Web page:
The April employment report for Arkansas represented another in a string of positive reports in 2016, particularly for the data from the household survey. The unemployment rate declined by two-tenths of a percentage point, from 4.1% in March (revised) to 3.9%. The monthly gain in employment was 5,309 — down from the ebullient 10,000+ pace of the previous three months but still substantial. The number of unemployed Arkansans declined by 2,449.
Arkansas was mentioned several times in the news release from the Bureau of Labor Statistics. The 3.9% unemployment rate was hailed as setting “a new series low” (dating back to 1976), and Arkansas was touted as experiencing the largest year-over-year unemployment rate decline in the nation (tied with Tennessee at -1.6%). The unemployment rate in Arkansas is now more than a full percentage point lower than the national average of 5.0%.
The sharp decline in the unemployment rate and the underlying surge in household employment are almost too good to be true. In just four months, the household survey data have shown a cumulative employment increase of over 35,000 and a drop in the unemployment rate of 0.8%. In contrast, data from the payroll survey have shown a decline of 1,900 jobs over the same period. Eventually, data revisions might help reconcile these conflicting signals. But for now, it’s probably a good idea to take the household employment report with a grain of salt.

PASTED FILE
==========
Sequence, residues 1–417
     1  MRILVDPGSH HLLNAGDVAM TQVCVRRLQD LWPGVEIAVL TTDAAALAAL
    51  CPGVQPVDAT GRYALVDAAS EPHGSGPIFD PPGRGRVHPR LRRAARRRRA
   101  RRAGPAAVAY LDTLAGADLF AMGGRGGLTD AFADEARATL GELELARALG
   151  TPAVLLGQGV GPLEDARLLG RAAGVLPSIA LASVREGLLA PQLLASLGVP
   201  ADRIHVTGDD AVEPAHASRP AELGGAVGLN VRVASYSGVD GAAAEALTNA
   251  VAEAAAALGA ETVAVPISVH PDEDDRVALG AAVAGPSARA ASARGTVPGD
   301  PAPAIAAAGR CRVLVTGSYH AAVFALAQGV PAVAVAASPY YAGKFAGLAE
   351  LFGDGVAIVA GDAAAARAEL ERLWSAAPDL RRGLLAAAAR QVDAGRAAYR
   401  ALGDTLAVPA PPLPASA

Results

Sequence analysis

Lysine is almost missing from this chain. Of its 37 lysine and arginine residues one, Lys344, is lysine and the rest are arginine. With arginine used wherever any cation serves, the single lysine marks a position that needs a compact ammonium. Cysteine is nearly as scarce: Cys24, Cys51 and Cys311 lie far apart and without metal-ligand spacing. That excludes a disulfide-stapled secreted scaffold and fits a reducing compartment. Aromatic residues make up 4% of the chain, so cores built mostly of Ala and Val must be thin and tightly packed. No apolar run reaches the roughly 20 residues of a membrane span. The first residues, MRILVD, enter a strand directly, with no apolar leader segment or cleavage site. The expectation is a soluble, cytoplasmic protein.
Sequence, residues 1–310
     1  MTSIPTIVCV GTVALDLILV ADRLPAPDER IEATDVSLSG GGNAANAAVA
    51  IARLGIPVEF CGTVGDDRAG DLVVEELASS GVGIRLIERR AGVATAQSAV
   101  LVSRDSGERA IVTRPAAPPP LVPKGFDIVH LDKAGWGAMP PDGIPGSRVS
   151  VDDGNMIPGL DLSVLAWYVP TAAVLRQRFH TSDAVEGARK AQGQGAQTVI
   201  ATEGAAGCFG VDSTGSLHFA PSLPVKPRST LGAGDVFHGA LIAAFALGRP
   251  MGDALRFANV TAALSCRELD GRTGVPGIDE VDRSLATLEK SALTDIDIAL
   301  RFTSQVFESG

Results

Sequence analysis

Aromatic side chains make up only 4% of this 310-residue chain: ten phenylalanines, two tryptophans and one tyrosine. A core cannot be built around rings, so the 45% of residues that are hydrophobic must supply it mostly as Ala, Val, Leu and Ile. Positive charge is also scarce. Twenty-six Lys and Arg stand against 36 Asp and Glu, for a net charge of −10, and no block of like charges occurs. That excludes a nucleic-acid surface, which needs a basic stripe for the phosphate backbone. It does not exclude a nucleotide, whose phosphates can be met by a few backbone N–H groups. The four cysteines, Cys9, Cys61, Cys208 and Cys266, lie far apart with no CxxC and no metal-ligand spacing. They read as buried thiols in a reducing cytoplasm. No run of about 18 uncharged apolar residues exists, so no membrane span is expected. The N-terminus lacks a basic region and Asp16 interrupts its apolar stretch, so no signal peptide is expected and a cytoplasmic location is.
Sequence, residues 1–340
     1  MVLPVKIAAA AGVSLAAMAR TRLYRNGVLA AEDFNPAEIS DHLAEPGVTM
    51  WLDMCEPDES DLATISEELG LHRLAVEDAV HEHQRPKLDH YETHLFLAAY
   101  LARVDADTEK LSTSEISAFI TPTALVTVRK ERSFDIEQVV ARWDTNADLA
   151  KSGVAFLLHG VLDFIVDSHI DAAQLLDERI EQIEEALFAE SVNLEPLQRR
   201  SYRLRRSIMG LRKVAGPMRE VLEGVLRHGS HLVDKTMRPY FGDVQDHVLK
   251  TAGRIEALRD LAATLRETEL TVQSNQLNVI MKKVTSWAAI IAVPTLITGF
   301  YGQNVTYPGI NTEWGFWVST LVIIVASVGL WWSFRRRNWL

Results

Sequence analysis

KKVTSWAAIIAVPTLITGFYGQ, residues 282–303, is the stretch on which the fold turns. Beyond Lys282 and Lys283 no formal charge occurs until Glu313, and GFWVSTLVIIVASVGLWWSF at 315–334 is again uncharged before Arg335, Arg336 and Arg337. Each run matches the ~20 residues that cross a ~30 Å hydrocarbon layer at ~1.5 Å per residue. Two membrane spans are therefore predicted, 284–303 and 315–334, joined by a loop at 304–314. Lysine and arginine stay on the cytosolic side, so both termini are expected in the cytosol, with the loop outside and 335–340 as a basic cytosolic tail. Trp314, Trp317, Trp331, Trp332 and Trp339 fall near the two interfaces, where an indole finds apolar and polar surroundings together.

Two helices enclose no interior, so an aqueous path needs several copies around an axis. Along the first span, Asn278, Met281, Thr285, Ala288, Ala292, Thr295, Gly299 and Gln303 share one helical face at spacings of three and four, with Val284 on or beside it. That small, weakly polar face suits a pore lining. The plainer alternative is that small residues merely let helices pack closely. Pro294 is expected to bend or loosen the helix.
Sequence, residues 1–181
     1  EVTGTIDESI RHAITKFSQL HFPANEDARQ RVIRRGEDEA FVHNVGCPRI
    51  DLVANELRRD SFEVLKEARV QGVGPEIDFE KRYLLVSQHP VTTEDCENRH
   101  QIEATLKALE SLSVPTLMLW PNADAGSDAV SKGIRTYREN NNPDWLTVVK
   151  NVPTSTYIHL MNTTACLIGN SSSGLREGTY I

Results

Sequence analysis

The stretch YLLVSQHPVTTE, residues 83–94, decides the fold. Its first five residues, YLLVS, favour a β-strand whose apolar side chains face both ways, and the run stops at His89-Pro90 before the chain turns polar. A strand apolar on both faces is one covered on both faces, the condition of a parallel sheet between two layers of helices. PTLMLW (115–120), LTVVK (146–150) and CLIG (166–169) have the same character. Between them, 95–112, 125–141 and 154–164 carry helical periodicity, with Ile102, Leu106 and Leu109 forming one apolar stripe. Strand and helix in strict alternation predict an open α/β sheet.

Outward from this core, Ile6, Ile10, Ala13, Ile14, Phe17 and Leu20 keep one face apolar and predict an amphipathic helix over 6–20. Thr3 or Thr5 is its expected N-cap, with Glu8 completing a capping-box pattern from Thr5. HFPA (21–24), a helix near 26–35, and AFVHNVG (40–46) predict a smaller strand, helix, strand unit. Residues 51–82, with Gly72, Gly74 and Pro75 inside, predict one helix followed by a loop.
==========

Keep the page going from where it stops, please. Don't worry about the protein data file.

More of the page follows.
Nonfarm payroll employment increased by a mere 700 jobs from March to April. Compared to April of 2015, payrolls were up by over 25,000, but most of that growth took place during the latter part of 2015. Employment is now 17,500 jobs (1.4%) higher than it was before the onset of the “great recession.”
Sectoral changes in payroll employment were mixed. Gains were recorded in the goods-producing sectors of Construction and Manufacturing. Wholesale and Retail Trade sectors also experienced growth, as did Professional and Business Services. Other service-providing sectors were flat or declining. The not-seasonally adjusted data showed an increase in Leisure and Hospitality services; however, after taking account of normal seasonal variation, employment in that sector down from the previous month.
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*Seasonally adjusted data for Arkansas nonfarm payroll employment, reported in a format compatible with the monthly news release from the Arkansas Department of Workforce Services, can be found here: Table-Seasonally Adjusted NFPE.